Creditless Recoveries

31 Pages Posted: 22 Mar 2011

See all articles by Abdul G. Abiad

Abdul G. Abiad

International Monetary Fund (IMF) - Research Department

Bin (Grace) Li

International Monetary Fund

Giovanni Dell'Ariccia

International Monetary Fund (IMF) - Research Department; Centre for Economic Policy Research (CEPR)

Multiple version iconThere are 3 versions of this paper

Date Written: March 2011

Abstract

Recoveries that occur in the absence of credit growth are often dubbed miracles and named after mythical creatures. Yet these are not rare animals, and are not always miracles. About one out of five recoveries is "creditless", and average growth during these episodes is about a third lower than during "normal" recoveries. Aggregate and sectoral data suggest that impaired financial intermediation is the culprit. Creditless recoveries are more common after banking crises and credit booms. Furthermore, sectors more dependent on external finance grow relatively less and more financially dependent activities (such as investment) are curtailed more during creditless recoveries.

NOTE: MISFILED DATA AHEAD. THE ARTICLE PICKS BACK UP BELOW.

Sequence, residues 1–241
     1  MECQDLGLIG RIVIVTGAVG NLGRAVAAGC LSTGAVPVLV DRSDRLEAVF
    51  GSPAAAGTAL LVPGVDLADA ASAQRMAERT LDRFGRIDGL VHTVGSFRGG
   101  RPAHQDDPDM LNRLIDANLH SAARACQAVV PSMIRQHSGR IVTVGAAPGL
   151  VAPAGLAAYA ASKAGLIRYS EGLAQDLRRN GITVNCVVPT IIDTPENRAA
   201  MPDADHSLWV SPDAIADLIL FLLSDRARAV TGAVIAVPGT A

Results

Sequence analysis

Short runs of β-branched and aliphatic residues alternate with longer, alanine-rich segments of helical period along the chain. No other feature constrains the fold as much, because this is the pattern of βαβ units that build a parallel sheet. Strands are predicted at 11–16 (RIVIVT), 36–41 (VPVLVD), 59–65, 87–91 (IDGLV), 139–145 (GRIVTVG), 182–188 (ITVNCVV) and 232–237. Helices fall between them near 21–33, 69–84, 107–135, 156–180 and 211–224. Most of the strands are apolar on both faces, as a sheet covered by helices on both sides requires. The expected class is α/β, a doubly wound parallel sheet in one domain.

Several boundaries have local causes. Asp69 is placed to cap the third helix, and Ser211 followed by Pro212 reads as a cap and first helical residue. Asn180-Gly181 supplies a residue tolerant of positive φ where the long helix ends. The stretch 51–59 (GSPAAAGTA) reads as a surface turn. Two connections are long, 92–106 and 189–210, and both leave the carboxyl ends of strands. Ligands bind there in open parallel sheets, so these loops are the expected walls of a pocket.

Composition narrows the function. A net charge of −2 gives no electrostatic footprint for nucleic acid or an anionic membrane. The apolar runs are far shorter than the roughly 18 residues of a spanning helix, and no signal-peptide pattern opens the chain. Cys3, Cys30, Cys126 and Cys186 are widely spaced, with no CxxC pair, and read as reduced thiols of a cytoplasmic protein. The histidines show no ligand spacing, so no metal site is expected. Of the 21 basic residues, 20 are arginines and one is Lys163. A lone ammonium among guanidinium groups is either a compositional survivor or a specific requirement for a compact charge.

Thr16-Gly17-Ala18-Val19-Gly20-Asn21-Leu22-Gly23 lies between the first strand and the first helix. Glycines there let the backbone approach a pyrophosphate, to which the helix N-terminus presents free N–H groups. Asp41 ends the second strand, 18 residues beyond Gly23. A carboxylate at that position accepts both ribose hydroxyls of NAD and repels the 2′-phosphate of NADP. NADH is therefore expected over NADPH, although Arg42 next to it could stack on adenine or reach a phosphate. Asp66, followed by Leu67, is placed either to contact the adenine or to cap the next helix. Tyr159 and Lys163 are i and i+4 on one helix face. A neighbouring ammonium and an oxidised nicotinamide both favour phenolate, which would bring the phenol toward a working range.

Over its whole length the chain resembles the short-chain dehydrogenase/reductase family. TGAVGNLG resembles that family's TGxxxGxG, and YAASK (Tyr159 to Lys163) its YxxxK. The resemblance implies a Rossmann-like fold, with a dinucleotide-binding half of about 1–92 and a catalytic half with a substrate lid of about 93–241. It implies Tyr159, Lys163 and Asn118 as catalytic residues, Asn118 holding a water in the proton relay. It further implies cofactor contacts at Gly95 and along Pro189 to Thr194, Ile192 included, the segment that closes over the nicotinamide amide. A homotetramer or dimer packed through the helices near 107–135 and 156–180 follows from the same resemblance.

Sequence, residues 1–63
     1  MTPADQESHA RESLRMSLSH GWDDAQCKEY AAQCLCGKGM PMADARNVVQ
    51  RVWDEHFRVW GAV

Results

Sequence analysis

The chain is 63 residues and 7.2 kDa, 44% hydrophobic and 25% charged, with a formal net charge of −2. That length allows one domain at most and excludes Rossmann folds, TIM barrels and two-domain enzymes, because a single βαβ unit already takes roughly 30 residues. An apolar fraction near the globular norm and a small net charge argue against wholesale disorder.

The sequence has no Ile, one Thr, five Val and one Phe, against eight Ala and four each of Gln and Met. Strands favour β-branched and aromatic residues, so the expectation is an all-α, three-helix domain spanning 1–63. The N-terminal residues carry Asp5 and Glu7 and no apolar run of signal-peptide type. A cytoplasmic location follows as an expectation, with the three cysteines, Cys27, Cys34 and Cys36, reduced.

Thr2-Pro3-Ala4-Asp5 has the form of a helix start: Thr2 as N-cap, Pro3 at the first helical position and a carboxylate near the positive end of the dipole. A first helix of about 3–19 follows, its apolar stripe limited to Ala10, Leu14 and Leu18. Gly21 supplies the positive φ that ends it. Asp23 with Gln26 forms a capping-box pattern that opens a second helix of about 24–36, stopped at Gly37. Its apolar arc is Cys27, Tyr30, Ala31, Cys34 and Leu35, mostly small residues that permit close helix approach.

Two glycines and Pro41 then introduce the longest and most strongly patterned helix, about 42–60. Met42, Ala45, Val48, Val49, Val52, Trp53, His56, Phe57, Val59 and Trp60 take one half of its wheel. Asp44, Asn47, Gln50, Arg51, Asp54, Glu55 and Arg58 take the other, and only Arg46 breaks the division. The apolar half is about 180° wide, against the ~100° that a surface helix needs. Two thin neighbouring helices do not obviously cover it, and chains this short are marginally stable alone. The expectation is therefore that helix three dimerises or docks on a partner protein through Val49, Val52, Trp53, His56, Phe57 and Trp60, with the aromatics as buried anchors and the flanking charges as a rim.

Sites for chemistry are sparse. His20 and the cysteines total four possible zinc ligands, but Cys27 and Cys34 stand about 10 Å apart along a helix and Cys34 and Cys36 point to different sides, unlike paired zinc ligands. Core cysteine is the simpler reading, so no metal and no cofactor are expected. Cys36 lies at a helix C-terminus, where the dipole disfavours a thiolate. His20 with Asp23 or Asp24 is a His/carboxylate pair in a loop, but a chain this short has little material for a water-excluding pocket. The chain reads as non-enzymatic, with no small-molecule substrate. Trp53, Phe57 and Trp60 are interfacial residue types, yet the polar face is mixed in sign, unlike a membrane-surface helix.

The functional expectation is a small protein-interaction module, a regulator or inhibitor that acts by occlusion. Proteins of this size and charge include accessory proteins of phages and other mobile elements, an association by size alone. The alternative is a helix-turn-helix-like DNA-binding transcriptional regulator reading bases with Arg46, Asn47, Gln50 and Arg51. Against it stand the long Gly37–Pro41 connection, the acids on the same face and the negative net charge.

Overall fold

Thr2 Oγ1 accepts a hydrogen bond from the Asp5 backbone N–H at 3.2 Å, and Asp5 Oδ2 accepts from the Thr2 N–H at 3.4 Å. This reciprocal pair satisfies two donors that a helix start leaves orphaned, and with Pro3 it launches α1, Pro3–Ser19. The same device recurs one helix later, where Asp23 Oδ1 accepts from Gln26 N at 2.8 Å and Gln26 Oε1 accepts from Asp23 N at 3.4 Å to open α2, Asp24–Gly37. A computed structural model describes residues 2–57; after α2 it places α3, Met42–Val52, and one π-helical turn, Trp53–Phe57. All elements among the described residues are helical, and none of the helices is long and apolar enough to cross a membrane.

Keywords: Bank credit, Banking crisis, Business cycles, Credit expansion, Cross country analysis, Developed countries, Economic growth, Economic recovery, Emerging markets, Financial crisis, Industrial investment, Private sector

Suggested Citation

Abiad, Abdul G. and Li, Bin (Grace) and Dell'Ariccia, Giovanni, Creditless Recoveries (March 2011). IMF Working Papers, Vol. , pp. 1-30, 2011. Available at SSRN: https://ssrn.com/abstract=1792224

Abdul G. Abiad (Contact Author)

International Monetary Fund (IMF) - Research Department ( email )

700 19th Street NW
Washington, DC 20431
United States

Bin (Grace) Li

International Monetary Fund ( email )

700 19th Street NW
Washington, DC 20431
United States

HOME PAGE: http://binli.economics.googlepages.com/

Giovanni Dell'Ariccia

International Monetary Fund (IMF) - Research Department ( email )

700 19th Street NW
Washington, DC 20431
United States
202-623-8135 (Phone)
202-623-4352 (Fax)

Centre for Economic Policy Research (CEPR)

London
United Kingdom

Register to save articles to
your library

Register

Paper statistics

Downloads
157
Abstract Views
928
rank
172,163
PlumX Metrics